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Are You Doing Enough Today For Tomorrow?

The Rabbit Hole of Retirement

For all self-employed people saving for the time when you want to work less and play more is as crucial as the product or service your business is providing. That being said, it ain’t always easy but it must always be a significant part  of your monthly, quarterly or yearly plan. If not then what’s going to happen when the world no longer wants your product or service or you choose to no longer provide it? Dog food and newspaper blankets? Drastic for sure but you get my point. Plan, prepare and enjoy or else your later years will not be much fun. Or comfortable.

I’ve been saving and planning since 1983. I’ve had many good years of savings and investment growth and several years of it going the other way. The point is to get in the game. If you don’t play in some form or fashion then you don’t have any room to complain when you come up empty. I had a friend who worked very hard as an auto mechanic for years…supported his wife, two kids and his mother. Admirable for sure but he didn’t take care of himself or his future. I kept urging him to put something away. Even 50 bucks a month. Just begin the process. Get used to putting something aside, it gets easier each time you do it. He didn’t listen. Said his kids would take care of him like he did for his mom. Well he got hurt and working on cars was more difficult. His wife left him (that’s another story), his kids grew. His mother passed. The business he worked at was sold out from under him and he was let go. Last time I saw him he was living in a guest house trading rent for handyman favors around the property. Pathetic.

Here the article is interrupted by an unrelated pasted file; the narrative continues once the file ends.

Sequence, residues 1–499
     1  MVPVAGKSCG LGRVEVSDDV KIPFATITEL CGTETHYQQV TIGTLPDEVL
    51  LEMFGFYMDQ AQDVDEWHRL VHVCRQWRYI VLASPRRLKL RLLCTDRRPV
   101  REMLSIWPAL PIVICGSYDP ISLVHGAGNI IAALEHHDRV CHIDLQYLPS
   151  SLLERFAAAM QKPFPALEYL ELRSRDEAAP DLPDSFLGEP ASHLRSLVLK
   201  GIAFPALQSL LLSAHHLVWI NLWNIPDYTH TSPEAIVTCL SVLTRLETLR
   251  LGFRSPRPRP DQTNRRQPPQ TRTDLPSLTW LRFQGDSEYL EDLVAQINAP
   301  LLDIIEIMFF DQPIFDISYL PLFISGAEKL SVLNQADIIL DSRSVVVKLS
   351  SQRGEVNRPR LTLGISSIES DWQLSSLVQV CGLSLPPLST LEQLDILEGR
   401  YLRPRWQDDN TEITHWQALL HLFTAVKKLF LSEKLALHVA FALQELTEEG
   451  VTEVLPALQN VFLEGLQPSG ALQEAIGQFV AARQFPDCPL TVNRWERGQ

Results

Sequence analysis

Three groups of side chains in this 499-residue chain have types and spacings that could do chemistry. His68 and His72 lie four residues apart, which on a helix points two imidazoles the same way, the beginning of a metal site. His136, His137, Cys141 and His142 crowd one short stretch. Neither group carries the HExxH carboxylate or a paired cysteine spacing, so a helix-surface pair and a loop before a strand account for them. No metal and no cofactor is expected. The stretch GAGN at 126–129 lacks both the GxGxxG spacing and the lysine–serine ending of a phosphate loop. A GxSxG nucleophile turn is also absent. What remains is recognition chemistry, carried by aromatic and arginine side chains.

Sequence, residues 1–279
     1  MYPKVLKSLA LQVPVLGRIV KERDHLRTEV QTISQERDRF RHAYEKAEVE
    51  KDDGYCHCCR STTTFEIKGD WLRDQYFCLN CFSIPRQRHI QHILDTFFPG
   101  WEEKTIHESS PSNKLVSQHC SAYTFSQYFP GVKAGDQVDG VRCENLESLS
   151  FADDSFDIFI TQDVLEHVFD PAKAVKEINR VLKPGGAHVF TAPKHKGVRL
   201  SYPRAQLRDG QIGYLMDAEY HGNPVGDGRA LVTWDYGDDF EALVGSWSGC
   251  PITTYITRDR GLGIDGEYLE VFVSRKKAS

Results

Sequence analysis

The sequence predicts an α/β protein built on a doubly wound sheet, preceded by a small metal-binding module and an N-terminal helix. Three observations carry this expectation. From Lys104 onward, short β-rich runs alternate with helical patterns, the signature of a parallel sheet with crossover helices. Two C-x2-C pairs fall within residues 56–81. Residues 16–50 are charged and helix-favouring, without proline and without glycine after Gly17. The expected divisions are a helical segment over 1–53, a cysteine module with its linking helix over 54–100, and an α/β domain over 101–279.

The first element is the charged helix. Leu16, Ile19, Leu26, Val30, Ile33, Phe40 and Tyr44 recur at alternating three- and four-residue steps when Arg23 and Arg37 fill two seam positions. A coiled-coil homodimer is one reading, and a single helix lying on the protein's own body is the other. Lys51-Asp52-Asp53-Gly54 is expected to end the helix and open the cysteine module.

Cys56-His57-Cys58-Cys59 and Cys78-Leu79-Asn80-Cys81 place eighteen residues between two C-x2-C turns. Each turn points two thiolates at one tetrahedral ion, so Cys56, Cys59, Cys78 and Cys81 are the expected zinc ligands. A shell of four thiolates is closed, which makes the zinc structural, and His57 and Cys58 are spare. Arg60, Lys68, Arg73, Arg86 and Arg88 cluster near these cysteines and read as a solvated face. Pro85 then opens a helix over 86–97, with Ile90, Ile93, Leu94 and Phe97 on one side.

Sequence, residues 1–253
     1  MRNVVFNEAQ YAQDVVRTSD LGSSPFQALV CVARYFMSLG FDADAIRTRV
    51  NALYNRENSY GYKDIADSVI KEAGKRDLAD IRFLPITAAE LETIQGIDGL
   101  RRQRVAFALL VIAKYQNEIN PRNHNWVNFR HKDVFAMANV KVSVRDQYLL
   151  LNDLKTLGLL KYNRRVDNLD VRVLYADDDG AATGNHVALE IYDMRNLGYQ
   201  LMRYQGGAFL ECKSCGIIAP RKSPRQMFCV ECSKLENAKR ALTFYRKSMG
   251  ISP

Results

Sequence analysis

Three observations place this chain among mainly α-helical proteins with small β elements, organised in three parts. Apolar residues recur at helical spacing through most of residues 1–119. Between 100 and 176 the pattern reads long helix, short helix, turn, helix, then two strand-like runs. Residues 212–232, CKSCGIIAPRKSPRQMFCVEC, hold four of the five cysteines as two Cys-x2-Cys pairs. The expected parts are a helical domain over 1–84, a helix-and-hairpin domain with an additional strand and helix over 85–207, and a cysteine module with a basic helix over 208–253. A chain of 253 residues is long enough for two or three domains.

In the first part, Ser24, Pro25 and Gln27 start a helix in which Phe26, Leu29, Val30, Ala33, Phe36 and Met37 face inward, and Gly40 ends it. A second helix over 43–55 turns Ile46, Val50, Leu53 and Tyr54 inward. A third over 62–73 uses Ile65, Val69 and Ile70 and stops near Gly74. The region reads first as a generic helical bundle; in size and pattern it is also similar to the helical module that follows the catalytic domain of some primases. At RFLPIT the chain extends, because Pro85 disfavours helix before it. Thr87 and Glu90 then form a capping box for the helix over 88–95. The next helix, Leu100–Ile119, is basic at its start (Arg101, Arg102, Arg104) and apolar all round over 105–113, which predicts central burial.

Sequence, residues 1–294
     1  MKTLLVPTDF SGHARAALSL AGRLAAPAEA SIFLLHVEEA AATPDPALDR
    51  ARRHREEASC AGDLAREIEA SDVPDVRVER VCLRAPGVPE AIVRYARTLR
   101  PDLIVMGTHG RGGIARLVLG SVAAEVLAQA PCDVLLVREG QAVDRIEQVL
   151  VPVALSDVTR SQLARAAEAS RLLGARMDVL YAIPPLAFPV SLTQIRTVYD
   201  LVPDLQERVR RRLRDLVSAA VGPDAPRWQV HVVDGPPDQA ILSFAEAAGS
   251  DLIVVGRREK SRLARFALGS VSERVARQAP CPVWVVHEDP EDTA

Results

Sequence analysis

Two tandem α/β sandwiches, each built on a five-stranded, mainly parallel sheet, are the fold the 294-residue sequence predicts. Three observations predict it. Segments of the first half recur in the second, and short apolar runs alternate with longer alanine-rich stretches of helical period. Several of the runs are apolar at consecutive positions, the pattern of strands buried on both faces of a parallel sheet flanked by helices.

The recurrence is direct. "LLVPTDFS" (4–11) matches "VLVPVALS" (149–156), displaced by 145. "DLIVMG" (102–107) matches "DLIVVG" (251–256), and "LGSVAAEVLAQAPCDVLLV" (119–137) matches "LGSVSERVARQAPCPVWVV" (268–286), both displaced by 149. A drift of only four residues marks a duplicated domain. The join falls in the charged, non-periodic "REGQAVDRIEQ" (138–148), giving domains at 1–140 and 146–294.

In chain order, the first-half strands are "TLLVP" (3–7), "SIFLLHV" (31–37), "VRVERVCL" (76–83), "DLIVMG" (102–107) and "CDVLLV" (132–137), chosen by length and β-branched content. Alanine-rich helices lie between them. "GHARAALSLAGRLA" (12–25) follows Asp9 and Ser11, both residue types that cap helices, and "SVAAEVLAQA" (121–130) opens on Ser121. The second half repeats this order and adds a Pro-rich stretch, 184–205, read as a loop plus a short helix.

I know others in the same boat and while I feel for them, it was on them to do something and they didn’t. I know it’s a struggle. But you have to do something. Period. Remember nobody loves you like you mother. And sometimes not even her. So you gotta do it for yourself.

What can you do to begin? Read up on the terms used in the investment industry: stocks, bonds, returns, dividends, etc. Get familiar with the terms. Understand what they try to do. Understand the concept of risk. Find a broker and get a dialog going about what you can do with the money you have and how to begin investing. Don’t invest yet. Make them provide you with a written plan. I’ve had bad experiences with Prudential, Morgan Stanley and Merrill Lynch. I’m with a smaller firm called Crowell Weedon. I make sure they explain everything in writing. I get to stop by whenever I feel like it or  I can call anytime. I’m trying to become more educated and savvy about how my money works for me.

I know my risk tolerance profile and what I’m comfortable with. For the record, I’ll take on moderate risk and I look for stocks paying a dividend. I reinvest those dividends. It’s a way to grow an investment without having to do much once the initial purchase it made. I also own value companies whose stocks grow in value over time

This is greatly simplified but it’s the point I’m making that is key here: do something today. Start small. Read first, you’ll be able to formulate better questions to ask the person you’ll be entrusting your money with. Losses are inevitable. So are gains. The trick is to have more of the later than former.

It ain’t easy and it ain’t that hard. But you have to begin. Today.

Do it and enjoy a comfortable time when you’d rather not work.

Michael

 

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